The thoughts of the righteous are just;
the counsels of the wicked are deceitful.
The words of the wicked lie in wait for blood,
but the mouth of the upright delivers them.
The wicked are overthrown and are no more,
but the house of the righteous will stand.
A man is commended according to his good sense,
but one of twisted mind is despised.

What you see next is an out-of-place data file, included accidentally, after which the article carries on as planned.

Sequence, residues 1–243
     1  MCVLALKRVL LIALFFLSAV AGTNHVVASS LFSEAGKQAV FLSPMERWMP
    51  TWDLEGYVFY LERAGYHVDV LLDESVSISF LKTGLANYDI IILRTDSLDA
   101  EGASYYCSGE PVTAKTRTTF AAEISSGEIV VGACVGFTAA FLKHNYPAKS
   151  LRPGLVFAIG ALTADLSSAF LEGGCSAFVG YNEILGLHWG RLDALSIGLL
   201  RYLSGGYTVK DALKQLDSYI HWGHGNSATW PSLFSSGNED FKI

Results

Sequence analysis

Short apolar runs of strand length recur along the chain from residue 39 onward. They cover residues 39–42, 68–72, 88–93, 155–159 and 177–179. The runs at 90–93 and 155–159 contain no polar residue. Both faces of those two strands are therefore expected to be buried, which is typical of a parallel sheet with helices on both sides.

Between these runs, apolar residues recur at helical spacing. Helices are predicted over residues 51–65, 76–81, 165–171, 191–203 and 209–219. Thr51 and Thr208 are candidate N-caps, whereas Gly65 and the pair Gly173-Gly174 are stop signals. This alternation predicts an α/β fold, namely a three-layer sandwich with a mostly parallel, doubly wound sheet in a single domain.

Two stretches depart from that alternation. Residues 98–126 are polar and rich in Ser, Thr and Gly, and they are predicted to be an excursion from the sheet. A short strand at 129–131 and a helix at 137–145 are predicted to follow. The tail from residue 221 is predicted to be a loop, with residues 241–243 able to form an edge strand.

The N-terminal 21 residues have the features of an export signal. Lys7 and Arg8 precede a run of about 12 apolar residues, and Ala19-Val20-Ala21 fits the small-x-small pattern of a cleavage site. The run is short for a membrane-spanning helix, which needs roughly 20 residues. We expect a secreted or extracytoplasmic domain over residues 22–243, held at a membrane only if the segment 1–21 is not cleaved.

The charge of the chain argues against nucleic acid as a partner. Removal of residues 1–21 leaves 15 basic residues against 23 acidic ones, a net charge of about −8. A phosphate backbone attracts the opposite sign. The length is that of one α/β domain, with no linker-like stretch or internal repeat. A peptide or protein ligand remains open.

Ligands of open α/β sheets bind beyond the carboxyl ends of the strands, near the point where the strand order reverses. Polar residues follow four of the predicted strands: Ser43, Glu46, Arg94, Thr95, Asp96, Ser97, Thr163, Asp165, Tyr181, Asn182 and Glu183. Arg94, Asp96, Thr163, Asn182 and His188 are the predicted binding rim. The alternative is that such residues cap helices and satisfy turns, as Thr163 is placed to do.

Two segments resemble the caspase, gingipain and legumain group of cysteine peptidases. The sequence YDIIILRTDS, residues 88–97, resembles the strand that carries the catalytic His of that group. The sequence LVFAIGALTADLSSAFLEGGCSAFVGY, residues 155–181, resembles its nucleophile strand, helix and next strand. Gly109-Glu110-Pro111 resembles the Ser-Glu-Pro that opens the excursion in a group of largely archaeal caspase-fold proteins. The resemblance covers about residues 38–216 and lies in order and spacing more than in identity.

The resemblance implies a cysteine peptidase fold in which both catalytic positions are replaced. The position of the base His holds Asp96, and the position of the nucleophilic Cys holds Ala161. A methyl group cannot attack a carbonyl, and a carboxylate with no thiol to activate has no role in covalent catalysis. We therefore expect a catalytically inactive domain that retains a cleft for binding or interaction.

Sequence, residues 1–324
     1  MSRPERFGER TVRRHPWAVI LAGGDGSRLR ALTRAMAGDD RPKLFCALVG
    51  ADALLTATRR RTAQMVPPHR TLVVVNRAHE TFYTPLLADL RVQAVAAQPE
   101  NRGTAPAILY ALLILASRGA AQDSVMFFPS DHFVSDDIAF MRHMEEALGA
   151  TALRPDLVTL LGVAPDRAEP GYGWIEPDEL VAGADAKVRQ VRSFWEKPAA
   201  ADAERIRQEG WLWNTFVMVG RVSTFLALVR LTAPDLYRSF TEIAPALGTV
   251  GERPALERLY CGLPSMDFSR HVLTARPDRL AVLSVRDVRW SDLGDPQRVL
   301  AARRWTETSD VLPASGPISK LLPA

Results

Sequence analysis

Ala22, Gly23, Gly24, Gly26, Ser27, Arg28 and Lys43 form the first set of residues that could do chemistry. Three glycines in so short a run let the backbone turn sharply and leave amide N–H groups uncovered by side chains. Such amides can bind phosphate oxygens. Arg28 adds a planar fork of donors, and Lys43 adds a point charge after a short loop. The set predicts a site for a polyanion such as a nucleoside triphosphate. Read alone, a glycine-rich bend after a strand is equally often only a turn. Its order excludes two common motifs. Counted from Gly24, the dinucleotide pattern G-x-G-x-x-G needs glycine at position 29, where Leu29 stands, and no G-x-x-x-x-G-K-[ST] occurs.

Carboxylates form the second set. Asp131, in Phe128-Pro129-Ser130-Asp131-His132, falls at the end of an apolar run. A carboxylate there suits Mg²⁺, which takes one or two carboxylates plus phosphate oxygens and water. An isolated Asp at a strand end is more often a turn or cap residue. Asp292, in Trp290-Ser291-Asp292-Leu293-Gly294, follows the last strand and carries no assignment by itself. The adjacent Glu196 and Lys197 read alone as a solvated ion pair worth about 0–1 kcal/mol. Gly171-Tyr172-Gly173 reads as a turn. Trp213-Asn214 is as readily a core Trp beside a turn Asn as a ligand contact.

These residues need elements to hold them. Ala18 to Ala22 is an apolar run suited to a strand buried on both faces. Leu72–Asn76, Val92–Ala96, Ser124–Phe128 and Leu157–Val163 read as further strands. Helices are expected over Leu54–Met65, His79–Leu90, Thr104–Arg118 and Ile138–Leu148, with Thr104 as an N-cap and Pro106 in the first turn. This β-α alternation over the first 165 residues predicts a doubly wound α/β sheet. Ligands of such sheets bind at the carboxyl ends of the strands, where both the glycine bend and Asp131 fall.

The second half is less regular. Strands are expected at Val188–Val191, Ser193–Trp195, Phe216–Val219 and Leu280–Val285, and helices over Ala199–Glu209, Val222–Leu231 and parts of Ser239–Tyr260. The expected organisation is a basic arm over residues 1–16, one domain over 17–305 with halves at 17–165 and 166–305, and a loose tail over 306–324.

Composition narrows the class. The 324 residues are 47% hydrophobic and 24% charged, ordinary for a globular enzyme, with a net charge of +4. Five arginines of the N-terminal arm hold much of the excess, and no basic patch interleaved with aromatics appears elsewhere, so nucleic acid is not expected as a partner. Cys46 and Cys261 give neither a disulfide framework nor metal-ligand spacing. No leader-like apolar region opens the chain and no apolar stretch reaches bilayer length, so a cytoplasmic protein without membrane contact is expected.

There is a progression in the thought of these verses: thoughts - actions - outcome and reward. This holds good in both directions, goodward and evilward. We may learn from this something of the power and dynamic of right - and wrong - thinking. Right thoughts will lead to right words, and will have a right outcome. This is why it is so important to guard the thoughts in spiritual life. If we think something, sooner or later, if that thought is left unchecked, it will out, in words and in deed. The idea in 6 seems to be that of an ambush, and what is in mind is the subtlety of an underhand, surprise attack, when it is little looked for or expected. In contrast, however, the words of the upright, having their origin in right thinking, are a manifest evidence of his sincerity and therefore a protection against slander, so far as he himself is concerned - for when he is thought well of, who will think ill of him? - and a liberating influence in the lives of others. In 3 'wisdom' is rendered 'good sense' in the RSV, and the meaning is that it is self-commendatory and self-evidently good, commanding respect. Apart from its value and reward in the spiritual life, it is something in itself good and worthy. The converse of this, 'of a perverse heart' has been rendered by one commentator as 'wrong-headed', a translation that says a great deal and covers much ground. Perhaps we need the AV's reminder that there is something twisted and bent in such an attitude. We must not discount the element of the wilful in the human heart, even when its waywardness is most in evidence. This is what makes men culpable.